The Gendered Social Organisation of Defence: Two Ethnographic Case Studies in the Finnish Defence Forces

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dc.contributor Svenska handelshögskolan, Institutionen för företagsledning och organisation, företagsledning och organisation sv
dc.contributor Hanken School of Economics, Department of Management and Organisation, Management and Organisation en
dc.contributor.author Tallberg, Teemu
dc.date.accessioned 2009-04-07T09:45:37Z fi
dc.date.accessioned 2011-03-02T13:35:31Z
dc.date.available 2009-04-07T09:45:37Z fi
dc.date.available 2011-03-02T13:35:31Z
dc.date.issued 2009-04-07
dc.identifier.isbn 978-952-232-020-9
dc.identifier.issn 0424-7256
dc.identifier.uri http://hdl.handle.net/10227/312
dc.identifier.uri URN:ISBN:978-952-232-020-9
dc.description.abstract In Finland the organising of defence is undergoing vast restructuring. Recent legislation has redefined the central tasks of the Finnish Defence Forces. At the same time, international security cooperation, economic pressures and new administrative paradigms have steered the military towards new ways of organising. National defence is not just politics and principles; to a large extent it is also enacted in day-to-day life in organisations. The lens through which these realities of defence are analysed in this study is gender. How is the security sector – and national defence as part of it – organised in the changing security environment? What is the new division of labour between different societal actors in the face of security challenges? What happens ‘at work’ within the military and the defence sector more broadly? How does gender affect the way in which defence is organised and understood, and how do the changes in the organising of security affect gender relations? The thesis searches for answers to these questions in the context of two organisational settings in the male-dominated defence sector. The case study on a Finnish peacekeeping unit in the Balkans opens a critical view on men’s social practices and the everyday life of crisis management organisations. In the second case study, reorganising of provisioning in the Finnish Defence Forces turns out to be a complicated process where different power relations and social divisions intermingle. Tallberg’s extensive ethnographic fieldwork in the two focal organisations has produced a detailed set of data that lays the basis for critical analysis and policy development in terms of defence organising, cooperation around peace and security issues, and gender equality in organisations. Observations and results are provided for understanding social networks, militarisation, authority relations, care, public-private partnerships, personnel policies, career planning, and humour. fi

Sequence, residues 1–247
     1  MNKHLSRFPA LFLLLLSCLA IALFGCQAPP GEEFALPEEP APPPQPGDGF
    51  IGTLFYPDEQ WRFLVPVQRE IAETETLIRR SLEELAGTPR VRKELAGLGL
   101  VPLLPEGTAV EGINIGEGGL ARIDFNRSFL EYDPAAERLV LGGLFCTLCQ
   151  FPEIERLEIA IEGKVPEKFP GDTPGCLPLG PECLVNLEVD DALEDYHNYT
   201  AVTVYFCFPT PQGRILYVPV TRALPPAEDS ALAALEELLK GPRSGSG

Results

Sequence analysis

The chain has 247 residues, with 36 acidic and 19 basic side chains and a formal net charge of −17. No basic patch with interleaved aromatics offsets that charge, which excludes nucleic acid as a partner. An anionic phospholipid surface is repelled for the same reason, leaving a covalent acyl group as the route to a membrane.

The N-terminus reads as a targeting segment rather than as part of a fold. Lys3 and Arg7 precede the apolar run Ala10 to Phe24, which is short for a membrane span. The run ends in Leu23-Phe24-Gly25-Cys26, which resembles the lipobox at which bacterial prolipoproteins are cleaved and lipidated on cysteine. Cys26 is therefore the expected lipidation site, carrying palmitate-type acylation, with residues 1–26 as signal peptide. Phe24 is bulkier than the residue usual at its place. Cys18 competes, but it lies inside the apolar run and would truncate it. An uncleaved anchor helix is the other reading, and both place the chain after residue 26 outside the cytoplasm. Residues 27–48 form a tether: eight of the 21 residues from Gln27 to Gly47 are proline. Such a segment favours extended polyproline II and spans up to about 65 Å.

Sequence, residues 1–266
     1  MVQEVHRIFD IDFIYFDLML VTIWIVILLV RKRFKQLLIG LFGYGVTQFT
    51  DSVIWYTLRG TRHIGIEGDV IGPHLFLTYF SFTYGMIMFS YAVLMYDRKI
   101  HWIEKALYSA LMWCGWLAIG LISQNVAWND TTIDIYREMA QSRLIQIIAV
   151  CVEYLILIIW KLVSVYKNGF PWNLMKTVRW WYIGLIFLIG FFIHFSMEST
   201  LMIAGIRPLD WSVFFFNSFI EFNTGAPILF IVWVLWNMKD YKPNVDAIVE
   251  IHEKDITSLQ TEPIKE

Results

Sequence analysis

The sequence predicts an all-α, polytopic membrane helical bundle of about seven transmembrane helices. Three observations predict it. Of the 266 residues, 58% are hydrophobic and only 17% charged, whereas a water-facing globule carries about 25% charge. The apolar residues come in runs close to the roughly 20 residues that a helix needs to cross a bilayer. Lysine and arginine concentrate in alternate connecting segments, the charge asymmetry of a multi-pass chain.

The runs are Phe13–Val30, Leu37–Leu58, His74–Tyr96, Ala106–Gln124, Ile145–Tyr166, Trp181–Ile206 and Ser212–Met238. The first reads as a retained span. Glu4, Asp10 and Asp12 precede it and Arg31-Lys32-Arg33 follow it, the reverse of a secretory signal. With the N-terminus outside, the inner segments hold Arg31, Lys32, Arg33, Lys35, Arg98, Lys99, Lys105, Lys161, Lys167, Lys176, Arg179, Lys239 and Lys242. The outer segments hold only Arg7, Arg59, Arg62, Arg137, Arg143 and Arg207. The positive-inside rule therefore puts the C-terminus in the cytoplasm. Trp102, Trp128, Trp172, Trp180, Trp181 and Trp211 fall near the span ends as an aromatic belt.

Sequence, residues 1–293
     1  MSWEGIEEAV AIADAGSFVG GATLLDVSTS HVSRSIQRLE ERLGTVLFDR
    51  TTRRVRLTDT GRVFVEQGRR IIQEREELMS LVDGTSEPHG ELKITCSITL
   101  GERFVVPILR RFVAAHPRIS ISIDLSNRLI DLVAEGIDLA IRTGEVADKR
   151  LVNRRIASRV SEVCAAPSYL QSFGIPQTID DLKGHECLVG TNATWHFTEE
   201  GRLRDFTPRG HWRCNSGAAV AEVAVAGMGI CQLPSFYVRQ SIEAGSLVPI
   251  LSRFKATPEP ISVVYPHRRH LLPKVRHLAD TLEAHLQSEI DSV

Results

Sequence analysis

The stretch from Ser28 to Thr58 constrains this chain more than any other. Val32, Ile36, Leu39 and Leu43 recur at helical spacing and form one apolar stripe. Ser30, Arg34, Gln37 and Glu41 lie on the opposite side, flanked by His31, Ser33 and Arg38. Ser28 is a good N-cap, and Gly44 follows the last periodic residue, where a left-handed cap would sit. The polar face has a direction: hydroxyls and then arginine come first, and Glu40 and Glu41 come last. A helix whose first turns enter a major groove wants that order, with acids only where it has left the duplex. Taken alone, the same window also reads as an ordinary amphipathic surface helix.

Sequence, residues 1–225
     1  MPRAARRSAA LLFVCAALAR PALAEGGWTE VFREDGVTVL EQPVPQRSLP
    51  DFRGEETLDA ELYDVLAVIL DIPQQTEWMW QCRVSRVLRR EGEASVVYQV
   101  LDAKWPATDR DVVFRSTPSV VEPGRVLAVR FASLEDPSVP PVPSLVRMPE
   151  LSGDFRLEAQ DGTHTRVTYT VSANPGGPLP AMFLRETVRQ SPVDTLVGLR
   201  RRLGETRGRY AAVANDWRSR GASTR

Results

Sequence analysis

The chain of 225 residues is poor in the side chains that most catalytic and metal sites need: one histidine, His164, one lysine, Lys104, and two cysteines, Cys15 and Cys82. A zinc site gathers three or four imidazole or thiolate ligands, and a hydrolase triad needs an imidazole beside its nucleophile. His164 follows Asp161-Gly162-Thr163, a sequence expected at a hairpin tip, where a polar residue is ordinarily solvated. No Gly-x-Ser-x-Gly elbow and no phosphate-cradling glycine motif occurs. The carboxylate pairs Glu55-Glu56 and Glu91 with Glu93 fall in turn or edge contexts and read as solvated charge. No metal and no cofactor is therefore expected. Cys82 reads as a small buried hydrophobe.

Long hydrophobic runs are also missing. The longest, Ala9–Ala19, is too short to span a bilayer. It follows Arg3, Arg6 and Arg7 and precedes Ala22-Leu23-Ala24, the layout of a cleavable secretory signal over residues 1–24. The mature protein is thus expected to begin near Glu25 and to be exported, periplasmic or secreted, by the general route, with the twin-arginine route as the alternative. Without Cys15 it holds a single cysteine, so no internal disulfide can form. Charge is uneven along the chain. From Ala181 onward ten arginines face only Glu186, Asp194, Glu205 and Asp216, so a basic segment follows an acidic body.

dc.language.iso en
dc.publisher Svenska handelshögskolan sv
dc.publisher Swedish School of Economics and Business Administration en
dc.relation.ispartofseries Economics and Society
dc.relation.ispartofseries 193
dc.rights Publikationen är skyddad av upphovsrätten. Den får läsas och skrivas ut för personligt bruk. Användning i kommersiellt syfte är förbjuden. sv
dc.rights This publication is copyrighted. You may download, display and print it for Your own personal use. Commercial use is prohibited. en
dc.rights Julkaisu on tekijänoikeussäännösten alainen. Teosta voi lukea ja tulostaa henkilökohtaista käyttöä varten. Käyttö kaupallisiin tarkoituksiin on kielletty. fi
dc.subject civil-military relations fi
dc.subject ethnography fi
dc.subject the finnish defence forces fi
dc.subject gender fi
dc.subject masculinities fi
dc.subject men fi
dc.subject military fi
dc.subject new public management fi
dc.subject peacekeeping fi
dc.subject security fi
dc.subject social networks fi
dc.subject.other Management and Organisation fi
dc.title The Gendered Social Organisation of Defence: Two Ethnographic Case Studies in the Finnish Defence Forces fi
dc.type.ontasot Doctoral thesis en
dc.type.ontasot Väitöskirja fi
dc.type.ontasot Doktorsavhandling sv
dc.type.dcmitype Text
dc.date.accepted 2009-04-17

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